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So in my opening blog entry I talked about creating mobile push notifications. So before we start playing with cloud solutions and developing anything, the best place to start is be able to push a notification.

We’re going to do this with the use of Prowl. Prowl offers both a mobile application and a cloud service with an API. So setting up an account on Prowl you can connect you mobile Prowl App to then through another app – for example Growl (which is how I came across Prowl) which can be extended by a plugin framework to use Prowl so potentially all your desktop alert can become push notifications if you want.

So if you hadn’t already noticed Prowl is presently an IOS only solution – however there is an Android equivalent called Notify My Android (NMA). I should also be upfront the Prowl App does cost a couple of pounds or dollars (depending upon your App Store).  But this is a small price to pay to avoid having to build an app (which needs to you to be a fully paid up IOS Developer Account holder to play with push notifications as we do).

So I will concentrate primarily on working from a Windows platform to an Apple device – but I will loop back to Android at points as well.  For those who bulk at the idea of Windows and swear only to live with Mac or a proper OS as many Linux fans will say – I will point out where to get the info you need and hack your Linux flavour into appropriate shape. Our goal is to see Oracle cloud in use.

Just as an aside quick detour – Growl is a Mac based notification consolidation tool, which has a Windows implementation as well called Growl For Windows.  The idea is all your applications and system notifications go via Growl which allows your to customise the notifications and route them to lots of different channels such as to browser plugin, push notifications and so on.

So lets get the first steps called out:

  1. Create an account on Prowl or NMA
  2. Install the Prowl App on your IOS device
  3. From the Prowl web app or NMA web send a message to your device

So we have proven notifications to our device from a central device. We are going to go one step further and use a local client to prove we can safely send events to the Prowl or NMA servers. We can do this several different ways – on the Prowl site are several browser plugins that you could use or combine prowl with Growl or Growl for Windows plus the Growl notifier.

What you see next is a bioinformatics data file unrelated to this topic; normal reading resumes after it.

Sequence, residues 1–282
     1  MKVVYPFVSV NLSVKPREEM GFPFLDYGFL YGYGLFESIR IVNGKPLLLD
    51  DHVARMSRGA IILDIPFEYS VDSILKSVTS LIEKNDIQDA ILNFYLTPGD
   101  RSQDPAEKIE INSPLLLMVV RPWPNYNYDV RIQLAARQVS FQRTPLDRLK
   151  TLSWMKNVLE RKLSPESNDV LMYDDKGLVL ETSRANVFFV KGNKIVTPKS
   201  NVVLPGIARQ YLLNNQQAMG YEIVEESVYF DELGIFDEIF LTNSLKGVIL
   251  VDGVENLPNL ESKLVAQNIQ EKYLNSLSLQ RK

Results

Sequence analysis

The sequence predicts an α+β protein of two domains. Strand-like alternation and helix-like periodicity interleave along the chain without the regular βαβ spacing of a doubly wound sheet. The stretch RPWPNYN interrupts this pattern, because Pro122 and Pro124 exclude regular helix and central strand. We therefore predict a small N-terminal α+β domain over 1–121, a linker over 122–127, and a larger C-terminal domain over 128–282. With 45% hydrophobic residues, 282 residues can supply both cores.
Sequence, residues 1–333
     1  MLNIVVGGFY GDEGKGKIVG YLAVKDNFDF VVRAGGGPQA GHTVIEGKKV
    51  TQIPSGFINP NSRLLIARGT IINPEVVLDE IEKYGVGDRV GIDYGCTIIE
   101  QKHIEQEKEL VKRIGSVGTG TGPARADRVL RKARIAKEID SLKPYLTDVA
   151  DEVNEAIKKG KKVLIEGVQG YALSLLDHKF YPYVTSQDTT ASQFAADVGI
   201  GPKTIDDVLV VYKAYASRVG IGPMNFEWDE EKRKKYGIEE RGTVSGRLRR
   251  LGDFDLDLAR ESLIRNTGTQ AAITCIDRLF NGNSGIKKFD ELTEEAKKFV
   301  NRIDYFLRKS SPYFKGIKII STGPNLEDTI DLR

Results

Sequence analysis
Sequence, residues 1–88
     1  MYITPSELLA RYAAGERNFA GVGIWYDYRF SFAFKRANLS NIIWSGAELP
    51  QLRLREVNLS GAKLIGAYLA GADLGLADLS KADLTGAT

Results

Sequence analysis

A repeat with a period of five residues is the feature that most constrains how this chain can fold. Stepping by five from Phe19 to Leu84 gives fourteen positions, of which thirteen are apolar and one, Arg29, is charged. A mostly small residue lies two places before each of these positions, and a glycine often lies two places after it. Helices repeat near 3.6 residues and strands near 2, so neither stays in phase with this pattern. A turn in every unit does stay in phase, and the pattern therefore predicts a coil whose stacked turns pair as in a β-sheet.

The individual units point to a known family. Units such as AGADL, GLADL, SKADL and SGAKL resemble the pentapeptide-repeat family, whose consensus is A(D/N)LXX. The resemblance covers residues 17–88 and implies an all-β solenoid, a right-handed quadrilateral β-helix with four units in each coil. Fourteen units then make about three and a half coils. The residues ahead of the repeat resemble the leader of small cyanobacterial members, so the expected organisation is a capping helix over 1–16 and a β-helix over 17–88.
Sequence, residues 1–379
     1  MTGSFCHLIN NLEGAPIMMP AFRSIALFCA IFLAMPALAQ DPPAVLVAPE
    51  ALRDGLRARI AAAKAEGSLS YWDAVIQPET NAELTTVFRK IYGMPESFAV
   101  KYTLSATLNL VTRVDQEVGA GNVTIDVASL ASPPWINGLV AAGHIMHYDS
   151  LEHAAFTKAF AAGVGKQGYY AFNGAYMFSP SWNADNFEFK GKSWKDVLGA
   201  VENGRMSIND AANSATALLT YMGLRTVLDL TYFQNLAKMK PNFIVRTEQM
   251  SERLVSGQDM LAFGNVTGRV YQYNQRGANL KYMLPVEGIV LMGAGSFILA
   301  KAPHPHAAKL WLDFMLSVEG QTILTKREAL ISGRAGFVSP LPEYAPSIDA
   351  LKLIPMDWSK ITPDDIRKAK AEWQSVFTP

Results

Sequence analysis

So I assume that you have installed Growl or Growl for Windows as previously mentioned. Then the Growl notifier extension needs to be installed from http://www.growlforwindows.com/gfw/help/growlnotify.aspx. With the extension installed we need to make sure Growl sends its notifications to Prowl and send the notifications from a command line.

To do this you need to create a API Key on the Prowl website. Then in settings part of the app setup the key details as shown below (note I’ve hidden my account and key):
Prowl API Config
So this links the credentials of the account. You could impose local security constraints so the local notification is only accepted by Growl with good credentials.

Then you you need to configure the notifier to use the configured key as you can see below:

In The Network part of Growl's configuration you need to establish the Key

In The Network part of Growl’s configuration you need to establish the Key

The Plus key you can see provides a dialogue like the following where you select the type of notification and then complete the necessary details i.e.  copy in the API Key from the website:

In The Network part of Growl's configuration you need to establish the Key

In The Network part of Growl’s configuration you need to establish the Key

GrowlConfig- forward NotificationsGrowl-setKey

You’ll may have noticed – that the key name carries through from the website – this is more to make it convenient to track the key rather than a necessity.

With the API Key setup we can link the notification side of things via the Notifications section.  You’ll note the App extension is selected and in the notification type I have gone to the Choices menu which provides a popup

Selecting Notification


Selecting the key:

Selecting the Destination KeyThe final step is to then run a command line, which would look something like:


Growl Notifier Script

You’ll notice the command line is very simple as we’ve not setup an security in Growl the only security is around the API Key.

Then we get the pay off of the pushed notification and you can see your notification history as well in the Prowl app – as this shows:


Prowl App View


So the steps just performed:

  • Created the API key on the ProwlAPI site
  • made sure we’ve got Growl and Growl Notifier installed
  • Established the link from Growl to Growl Web App via the API Key
  • Configured the notifications for GrowlNotifier to go through Growl and get pushed onto the Prowl API
  • Run the command line script
  • Seen the command line message go from the desktop shell through Growl onto the Prowl API and arrive on your smart phone.


So we have shown we can create push notifications without the distraction of building our own app. Not very exciting as we haven’t created anything but does show the art of the possible.

Next post we’ll cut some code to perform the same process using the Prowl API directly.